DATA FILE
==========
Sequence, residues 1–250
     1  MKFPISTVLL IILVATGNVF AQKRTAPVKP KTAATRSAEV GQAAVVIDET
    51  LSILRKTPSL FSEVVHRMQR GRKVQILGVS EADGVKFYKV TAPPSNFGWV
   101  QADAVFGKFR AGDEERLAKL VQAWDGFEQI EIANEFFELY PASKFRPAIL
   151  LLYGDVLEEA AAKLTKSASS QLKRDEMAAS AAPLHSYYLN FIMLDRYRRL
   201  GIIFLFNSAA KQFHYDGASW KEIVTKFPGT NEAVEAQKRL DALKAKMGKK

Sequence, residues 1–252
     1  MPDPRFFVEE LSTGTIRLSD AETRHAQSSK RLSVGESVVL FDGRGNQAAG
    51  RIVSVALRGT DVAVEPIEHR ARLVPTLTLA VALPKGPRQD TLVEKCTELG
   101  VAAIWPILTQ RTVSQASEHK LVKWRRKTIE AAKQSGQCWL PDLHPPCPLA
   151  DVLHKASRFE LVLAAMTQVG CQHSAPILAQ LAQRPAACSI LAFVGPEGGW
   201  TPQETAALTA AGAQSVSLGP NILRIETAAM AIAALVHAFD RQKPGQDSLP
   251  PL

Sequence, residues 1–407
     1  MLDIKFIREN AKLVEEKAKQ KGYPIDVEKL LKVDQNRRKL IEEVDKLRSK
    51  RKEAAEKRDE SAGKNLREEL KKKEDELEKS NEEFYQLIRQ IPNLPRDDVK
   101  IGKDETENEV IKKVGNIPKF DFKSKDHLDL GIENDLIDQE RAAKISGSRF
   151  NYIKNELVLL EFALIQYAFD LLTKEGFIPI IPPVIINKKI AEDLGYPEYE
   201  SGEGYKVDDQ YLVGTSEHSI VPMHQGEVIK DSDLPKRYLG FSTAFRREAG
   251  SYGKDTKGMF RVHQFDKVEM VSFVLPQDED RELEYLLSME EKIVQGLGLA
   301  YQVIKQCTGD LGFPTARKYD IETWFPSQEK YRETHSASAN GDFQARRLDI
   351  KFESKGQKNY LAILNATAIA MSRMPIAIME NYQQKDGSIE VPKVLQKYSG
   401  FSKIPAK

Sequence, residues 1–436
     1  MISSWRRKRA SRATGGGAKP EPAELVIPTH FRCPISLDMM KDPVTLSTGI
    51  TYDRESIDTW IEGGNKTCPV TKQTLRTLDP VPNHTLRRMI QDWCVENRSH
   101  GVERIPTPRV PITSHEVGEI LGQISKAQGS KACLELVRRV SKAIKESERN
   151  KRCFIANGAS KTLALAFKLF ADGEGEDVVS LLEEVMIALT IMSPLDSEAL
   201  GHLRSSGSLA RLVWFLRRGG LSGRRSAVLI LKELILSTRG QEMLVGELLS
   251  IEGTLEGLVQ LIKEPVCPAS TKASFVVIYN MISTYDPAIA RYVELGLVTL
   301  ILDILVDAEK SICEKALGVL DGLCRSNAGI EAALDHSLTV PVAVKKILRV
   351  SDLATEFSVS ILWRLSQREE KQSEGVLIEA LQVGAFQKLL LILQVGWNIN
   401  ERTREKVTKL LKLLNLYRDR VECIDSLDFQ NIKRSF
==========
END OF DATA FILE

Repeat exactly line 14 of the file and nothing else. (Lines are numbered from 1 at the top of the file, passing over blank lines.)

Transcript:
Sequence, residues 1–407